Hockey players tend to give credit where credit is due, even after they've been slammed face-first into the boards or cross-checked in the back or speared in the nether regions. Or in the case of the Chicago's Patrick Kane, even after you've had your mouthguard yanked from your teeth and tossed to the ice — and maybe even spat on? — by an angry Mule, which is what happened the last time the Blackhawks and Red Wings met in the playoffs and Johan Franzen finally grew tired of Kane's yapping.

And yet, to hear Kane talk now, that's just the kind of indignity every championship wannabe must endure. Because all those years of chasing the Red Wings is what turned the Blackhawks into, well …

"That's really the team that we have kind of — I don't want to say grown to be," Kane admitted late last week, "but it's almost like they've groomed us to be the Red Wings."

Now the task is to beat the Red Wings, beginning with Game 1 of the Western Conference semifinals tonight at the United Center. And that's something this Chicago team and its coach have yet to do, even as they've done just about everything else.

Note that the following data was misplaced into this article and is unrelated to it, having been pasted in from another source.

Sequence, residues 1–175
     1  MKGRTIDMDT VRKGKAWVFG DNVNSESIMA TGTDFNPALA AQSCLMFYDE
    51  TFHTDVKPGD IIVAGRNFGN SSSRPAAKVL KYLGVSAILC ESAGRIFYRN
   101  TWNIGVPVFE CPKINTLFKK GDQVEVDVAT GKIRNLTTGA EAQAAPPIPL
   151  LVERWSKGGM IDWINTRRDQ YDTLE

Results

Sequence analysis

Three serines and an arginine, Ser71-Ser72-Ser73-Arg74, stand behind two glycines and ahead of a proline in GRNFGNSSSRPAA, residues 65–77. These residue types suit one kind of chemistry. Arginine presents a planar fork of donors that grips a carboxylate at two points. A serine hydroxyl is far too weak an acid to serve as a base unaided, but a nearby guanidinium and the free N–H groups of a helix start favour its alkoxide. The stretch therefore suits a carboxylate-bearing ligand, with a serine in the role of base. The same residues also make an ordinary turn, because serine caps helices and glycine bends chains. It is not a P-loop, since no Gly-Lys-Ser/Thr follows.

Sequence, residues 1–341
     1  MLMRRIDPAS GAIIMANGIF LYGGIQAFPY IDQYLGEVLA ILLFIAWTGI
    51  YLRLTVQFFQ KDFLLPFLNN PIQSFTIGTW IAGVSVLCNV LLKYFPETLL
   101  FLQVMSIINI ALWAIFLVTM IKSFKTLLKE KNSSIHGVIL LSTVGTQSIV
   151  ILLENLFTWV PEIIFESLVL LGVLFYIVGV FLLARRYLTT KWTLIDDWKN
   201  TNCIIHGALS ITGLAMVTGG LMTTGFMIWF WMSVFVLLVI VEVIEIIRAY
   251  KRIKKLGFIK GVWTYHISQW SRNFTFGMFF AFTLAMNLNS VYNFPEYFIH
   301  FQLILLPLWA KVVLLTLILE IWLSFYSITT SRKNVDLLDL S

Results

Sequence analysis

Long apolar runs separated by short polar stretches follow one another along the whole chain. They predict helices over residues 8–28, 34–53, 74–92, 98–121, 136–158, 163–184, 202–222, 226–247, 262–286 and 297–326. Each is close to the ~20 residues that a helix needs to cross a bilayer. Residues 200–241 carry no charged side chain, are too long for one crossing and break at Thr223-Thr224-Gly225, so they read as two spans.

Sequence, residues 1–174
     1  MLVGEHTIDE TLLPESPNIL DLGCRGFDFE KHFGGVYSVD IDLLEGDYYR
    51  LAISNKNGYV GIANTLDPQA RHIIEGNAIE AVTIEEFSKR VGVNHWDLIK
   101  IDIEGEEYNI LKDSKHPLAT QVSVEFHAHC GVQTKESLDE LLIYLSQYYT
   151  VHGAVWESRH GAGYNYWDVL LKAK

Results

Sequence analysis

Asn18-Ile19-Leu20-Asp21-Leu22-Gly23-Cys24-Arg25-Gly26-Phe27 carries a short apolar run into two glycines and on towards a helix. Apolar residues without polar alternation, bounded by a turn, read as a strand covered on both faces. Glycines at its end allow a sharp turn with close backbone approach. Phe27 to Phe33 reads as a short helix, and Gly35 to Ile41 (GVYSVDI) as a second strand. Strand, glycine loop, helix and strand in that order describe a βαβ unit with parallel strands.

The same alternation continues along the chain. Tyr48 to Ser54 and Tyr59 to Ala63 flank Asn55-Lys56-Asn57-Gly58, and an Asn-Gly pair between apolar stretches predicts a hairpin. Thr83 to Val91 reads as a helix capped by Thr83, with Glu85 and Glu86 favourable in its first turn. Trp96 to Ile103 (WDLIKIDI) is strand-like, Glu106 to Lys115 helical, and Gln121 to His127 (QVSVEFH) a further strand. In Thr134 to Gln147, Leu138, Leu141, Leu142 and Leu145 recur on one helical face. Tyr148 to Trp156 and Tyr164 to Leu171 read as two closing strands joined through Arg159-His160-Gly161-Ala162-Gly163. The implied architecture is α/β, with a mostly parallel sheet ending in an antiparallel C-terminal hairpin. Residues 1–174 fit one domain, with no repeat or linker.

The Blackhawks did, in fact, win the Stanley Cup in 2010, a year after getting schooled by the Red Wings as Detroit advanced to its second straight Cup Finals. And though Chicago has been bounced in the first round of the playoffs the past two years, Joel Quenneville's team is the betting favorite to win it all this spring after starting the lockout-shortened regular season with an NHL-record 24-game unbeaten streak and then cruising to the Presidents' Trophy.

Now they're here, facing a familiar opponent. Only this time the roles are reversed.

"For a lot of years, the Wings beat up on us," said forward Patrick Sharp, who arrived in Chicago in 2005 during a 10-year span when the Blackhawks made one playoff appearance. "And it wasn't fun playing that team."

The Red Wings, meanwhile, are quietly reveling in their underdog status.

"By no means are we probably the most talented Red Wings team," said goaltender Jimmy Howard, who took over as the Red Wings starter in 2010. "But every single guy in here works hard. And in the end, that goes a long way."